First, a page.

Daria: I don’t care either who makes the track.  If it’s good, it could be the shittiest, smelliest, absurdest producer…  hey, it could be the so unpopular Alec Empire or even Paul Elstak… I don’t give a diametral damn.  It should all be on white label as a friend of mine always says.  Some people would have a wild time deciding who to pick for heroes [laughs].  I find there are quite a few releases who stand out on their own on Drop Bass… as it happens on most labels with a sense of adventure.
Yves: Alec Empire’s hard break beatish stuff for sure always grabs me by the bottom of my pants.  Mostly his dirty harsh jungle stuff although I’m not into drum & bass or jungle that much.  In that kind of stuff I like what Panacea does.
Daria: Oh yea, this guy has great sound… large slaps in da face… nice.
Yves: Martin Damm’s acidic & electro stuff because he does it his own way like nobody else but I still like his harder things too, lately speedcore got me going.
Daria: “They’re all full of shit!” [laughs]
Yves: Those two French sisters are totally awesome… they really impress me.
Daria: You’re talking about the Michelson sisters:  No Name and Auto Psy.  No Name has succeeded in translating a nightmare I had several times during my childhood into an actual track, she’s not aware of it of course.  The first time I heard it, it put me in a state of shock as I re-lived the whole uncomfortable experience of that dream.

Speaking of the Michelson sisters, a lot of French artists are getting attention from the global hardcore community, and it seems like quite a few of them are using some really odd rhythms in their tracks.  In the live performances that I’ve caught you’re doing something similar…  It’s not 4/4 and it’s not really a breakbeat-  I was just wondering if you think that the natural rhythm of one’s maternal language affects the way you might structure a drum pattern.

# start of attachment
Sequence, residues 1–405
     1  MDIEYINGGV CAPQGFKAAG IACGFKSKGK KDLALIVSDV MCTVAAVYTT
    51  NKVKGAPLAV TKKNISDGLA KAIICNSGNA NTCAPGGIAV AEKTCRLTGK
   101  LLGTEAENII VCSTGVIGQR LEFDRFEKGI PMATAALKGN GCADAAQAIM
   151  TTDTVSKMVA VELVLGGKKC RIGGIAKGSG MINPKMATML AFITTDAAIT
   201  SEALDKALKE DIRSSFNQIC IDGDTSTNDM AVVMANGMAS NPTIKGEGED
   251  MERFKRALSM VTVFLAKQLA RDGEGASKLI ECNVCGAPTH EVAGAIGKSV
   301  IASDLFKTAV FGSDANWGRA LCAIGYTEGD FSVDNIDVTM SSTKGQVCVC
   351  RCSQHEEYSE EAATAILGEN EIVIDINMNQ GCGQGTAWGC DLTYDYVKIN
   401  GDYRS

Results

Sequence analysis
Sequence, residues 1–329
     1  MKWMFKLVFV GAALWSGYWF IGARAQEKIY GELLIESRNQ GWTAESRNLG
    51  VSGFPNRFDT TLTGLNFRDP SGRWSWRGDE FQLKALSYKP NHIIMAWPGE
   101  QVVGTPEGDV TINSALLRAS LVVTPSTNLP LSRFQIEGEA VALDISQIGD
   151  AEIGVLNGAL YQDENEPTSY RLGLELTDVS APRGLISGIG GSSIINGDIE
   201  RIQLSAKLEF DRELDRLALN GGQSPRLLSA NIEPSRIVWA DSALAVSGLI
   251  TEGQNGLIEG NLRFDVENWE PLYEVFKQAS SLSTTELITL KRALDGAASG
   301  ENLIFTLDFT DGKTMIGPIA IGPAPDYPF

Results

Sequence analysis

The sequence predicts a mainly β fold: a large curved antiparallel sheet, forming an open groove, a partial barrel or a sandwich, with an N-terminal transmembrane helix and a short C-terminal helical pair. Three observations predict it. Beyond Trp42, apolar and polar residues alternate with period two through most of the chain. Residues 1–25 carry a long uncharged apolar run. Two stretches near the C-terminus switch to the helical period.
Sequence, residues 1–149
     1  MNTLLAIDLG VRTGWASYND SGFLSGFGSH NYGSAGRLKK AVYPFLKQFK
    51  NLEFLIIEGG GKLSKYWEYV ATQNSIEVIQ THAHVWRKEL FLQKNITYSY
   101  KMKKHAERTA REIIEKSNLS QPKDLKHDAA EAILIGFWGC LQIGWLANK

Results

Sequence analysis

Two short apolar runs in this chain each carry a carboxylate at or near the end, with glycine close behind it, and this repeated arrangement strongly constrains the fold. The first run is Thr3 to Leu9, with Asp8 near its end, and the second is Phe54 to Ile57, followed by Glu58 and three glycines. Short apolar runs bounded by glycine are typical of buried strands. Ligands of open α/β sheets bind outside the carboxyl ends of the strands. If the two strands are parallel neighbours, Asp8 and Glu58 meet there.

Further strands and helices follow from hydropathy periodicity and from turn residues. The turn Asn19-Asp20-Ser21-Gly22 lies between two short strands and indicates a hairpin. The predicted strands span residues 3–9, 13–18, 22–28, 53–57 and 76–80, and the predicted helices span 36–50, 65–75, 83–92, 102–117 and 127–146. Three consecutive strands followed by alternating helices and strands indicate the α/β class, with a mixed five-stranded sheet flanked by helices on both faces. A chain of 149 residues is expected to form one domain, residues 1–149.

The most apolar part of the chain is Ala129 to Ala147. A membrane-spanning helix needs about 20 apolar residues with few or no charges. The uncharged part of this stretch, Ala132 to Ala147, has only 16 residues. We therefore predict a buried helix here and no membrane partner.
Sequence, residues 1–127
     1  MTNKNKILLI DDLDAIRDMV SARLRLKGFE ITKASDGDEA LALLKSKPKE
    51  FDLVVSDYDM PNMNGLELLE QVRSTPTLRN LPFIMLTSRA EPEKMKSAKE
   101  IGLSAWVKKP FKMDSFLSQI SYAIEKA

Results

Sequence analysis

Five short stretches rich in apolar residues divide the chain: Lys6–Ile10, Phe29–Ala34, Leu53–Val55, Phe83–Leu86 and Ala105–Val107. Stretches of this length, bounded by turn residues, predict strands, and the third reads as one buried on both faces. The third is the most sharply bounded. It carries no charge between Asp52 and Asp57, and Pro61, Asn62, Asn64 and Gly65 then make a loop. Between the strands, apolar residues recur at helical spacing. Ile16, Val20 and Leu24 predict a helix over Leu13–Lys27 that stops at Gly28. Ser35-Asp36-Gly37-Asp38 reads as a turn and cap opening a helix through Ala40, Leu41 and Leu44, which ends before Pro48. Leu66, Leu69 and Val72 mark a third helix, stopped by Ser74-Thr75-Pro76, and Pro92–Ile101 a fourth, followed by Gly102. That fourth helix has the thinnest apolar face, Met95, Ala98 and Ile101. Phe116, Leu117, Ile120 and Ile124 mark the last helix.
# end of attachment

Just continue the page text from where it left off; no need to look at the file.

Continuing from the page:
Yves: This is an interesting concept.  It could affect the way someone might write music cause when people speak they use a certain rhythm and a certain pitch modulation, but language is only one of many parameters that define a certain general culture.  There’s also the influence that everyone has from other artists.  The place you live geographically, if you were in contact a lot or not with other artists in your area and abroad, which brings us back to an earlier question, oops, we’re going in a circle.  This is a question that might require a much more elaborate answer than a few lines to answer.  You’re opening a door to a deep subject.  I’d be interested to understand what could make those similarities happen and would be curious to see what those artists would have to say about it.  I don’t think I have a clear answer to that one though.
Daria: Deep question indeed!  I don’t know what to say because I’m not an authority on the subject but I took phonetics at Uni for a while and according to what I learned there… all that we do and all that we are can be determined by the way we speak.  Just don’t ask me to explain it.  So there you go!

OK… I’ll leave the rhythm riddle to be solved another time…  What about the use of feedback, distortion and just plain chaos that slips into your material?
Yves: Noise, I’m getting back into noise when writing new tracks and it’s great because we use to listen to a lot of industrial and noise stuff like SPK, Throbbing Gristle, Whitehouse, Hanatarash etc. and it’s done right now with a different twist by new artists.